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Sales Software Evolves to Accommodate Millennial Sellers

January 09, 2017
By Tracey E. Schelmetic - TMCnet Contributor

An interesting thing happened about 18 months ago that stayed off the radar of nearly everyone except demographers: the American Millennial generation surpassed the Baby Boomer’s as the country’s largest living generation. While there are endless column inches written about the cultural implications of this, there are fewer interpretations of what this might mean to the world of business, and specifically workforce optimization.  

In a recent blog for Huffington Post (News - Alert), Amanda Schnelder highlighted a curious parallel between the rise of the Millennial worker and a drop-off in the software utilization of’s sales acceleration platform based on an article that appeared in the December 1, 2016 edition of Workplaces Magazine. It’s a parallel embraced by Dave Elkington, CEO and Founder at (News - Alert).

Your first thought might be, “Huh? What do Millennials have to do with sales acceleration solutions?” A lot, as it turns out, and it’s all centered around the way different generations use data., which is built on Neuralytics, uses technology to passively analyze a company’s workflow and prompts behaviors to maximize sales activities. It’s all based on data, of course. The solution is widely used by the Fortune 1000 to drive sales rep performance and make buyer personalization easier, as well as predictive sales communications.

“We are a company that is enamored with data,” said Elkington in the article. “We are always digging in and analyzing behavioral trends and how people are influenced by what is happening in the environment around them; everything from rain, gas prices, or even a win by a local sports team.”

When utilization of the solution went into decline a year and a half ago, the company began to do some investigating. (Using data to find answers is, after all, what they do.) They believe the change has to do with the rise of millennials in the workforce.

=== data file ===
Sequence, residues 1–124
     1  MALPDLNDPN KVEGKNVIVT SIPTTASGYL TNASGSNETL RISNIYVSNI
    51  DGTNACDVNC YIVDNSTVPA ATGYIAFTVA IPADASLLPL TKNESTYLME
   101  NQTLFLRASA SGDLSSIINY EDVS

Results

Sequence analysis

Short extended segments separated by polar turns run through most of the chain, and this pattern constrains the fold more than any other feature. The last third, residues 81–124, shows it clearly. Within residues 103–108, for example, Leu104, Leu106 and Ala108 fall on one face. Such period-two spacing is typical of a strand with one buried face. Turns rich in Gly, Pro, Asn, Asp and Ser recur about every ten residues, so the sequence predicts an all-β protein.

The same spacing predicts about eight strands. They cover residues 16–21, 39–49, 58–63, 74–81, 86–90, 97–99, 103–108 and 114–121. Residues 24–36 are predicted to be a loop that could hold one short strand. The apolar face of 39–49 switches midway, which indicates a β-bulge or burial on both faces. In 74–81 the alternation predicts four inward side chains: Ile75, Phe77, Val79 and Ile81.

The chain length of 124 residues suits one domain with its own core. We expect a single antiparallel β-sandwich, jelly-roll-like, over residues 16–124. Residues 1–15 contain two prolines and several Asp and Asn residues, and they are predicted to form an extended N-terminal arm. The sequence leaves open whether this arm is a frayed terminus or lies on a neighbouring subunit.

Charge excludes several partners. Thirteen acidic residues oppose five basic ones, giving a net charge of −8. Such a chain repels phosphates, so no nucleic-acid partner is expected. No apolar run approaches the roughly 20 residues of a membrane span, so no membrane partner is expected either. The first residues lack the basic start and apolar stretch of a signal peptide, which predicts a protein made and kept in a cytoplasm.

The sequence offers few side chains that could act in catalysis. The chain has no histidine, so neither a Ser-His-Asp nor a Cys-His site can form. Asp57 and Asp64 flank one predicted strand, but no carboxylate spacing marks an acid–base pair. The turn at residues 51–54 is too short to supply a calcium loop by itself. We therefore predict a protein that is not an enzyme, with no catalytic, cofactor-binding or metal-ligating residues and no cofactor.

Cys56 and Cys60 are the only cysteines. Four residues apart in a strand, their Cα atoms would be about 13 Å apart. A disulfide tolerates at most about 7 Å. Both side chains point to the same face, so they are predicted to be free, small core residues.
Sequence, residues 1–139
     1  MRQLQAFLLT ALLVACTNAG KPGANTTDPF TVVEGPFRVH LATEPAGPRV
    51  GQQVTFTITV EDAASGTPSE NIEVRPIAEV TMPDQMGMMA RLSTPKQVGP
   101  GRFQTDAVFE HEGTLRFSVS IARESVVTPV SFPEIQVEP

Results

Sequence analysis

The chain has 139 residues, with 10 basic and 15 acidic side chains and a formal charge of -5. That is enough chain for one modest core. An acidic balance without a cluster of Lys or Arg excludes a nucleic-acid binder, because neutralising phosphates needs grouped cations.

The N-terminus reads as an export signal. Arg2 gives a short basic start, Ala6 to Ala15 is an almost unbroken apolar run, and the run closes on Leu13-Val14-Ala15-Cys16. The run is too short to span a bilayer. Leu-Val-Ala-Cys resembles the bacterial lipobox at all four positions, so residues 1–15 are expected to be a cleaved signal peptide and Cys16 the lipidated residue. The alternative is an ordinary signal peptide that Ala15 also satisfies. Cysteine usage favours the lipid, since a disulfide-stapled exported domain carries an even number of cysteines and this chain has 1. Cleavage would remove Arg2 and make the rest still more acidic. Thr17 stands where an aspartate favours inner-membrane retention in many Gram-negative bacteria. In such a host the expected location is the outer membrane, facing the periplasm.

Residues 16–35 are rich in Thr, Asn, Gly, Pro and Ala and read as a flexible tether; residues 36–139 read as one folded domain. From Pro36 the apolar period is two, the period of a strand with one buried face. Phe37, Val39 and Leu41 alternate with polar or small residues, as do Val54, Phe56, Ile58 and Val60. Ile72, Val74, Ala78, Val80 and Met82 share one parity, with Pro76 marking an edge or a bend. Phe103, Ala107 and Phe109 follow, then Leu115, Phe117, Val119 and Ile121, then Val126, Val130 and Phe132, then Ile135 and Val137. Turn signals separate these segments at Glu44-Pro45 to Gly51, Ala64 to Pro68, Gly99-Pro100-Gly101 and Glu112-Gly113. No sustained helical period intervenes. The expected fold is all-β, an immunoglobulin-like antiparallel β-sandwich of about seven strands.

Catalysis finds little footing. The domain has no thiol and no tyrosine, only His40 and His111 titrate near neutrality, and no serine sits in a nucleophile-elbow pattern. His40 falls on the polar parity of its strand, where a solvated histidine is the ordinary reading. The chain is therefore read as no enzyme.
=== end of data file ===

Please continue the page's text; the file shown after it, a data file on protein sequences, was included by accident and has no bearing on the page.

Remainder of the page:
“What we found was 18 months ago we had a generational shift where more than half the selling workforce worldwide became Millennials,” Elkington told HuffPo. “The people now selling at these large companies are largely under 26 and largely behave very differently than Boomers or Gen Xers. While you can find much data to support this, we actually SAW the shift in utilization. Our data tells us that the way they sell, behave, and go to work is not evolutionally different, it is revolutionally different.”

Millennials, as it turns out, are more self-directed and non-linear. If they’re given a task, they want to accomplish it their way rather than be ordered to follow a prescribed list of steps that might be offered up by a process management solution.

“They don’t like to be constrained or forced to work within a box,” wrote Schnelder. “They do not want to be told, ‘here’s the piece of software, do this.’”

So what might this mean for the enterprise going forward? It’s not that Millennials don’t trust data – today, they run their lives on it, from allowing technology to pick their lunch destination to telling them when to exercise – it’s that they don’t want to be ordered around by data-driven processes. Because of this, companies like may need to change their offerings to rely on passively collected data rather than self-reported data (Elkington notes that self-reported data is unreliable, anyway). As a result of the findings, has introduced a product called Playbooks, a solution specifically designed to allow Millennials in sales to increase efficiency, save time, and drive revenue in a process specifically tailored to them.

“It is the first solution of its kind to passively follow reps wherever they surf on the Web, even across multiple browser tabs, giving immediate access to critical sales resources, no matter what Web site the rep is on,” wrote Schelder.

So will it help Millennials communicate, collaborate and sell more? That remains to be seen, but what’s clear is that the processes that worked for previous generations are increasingly irrelevant to the digital-from-birth generation.

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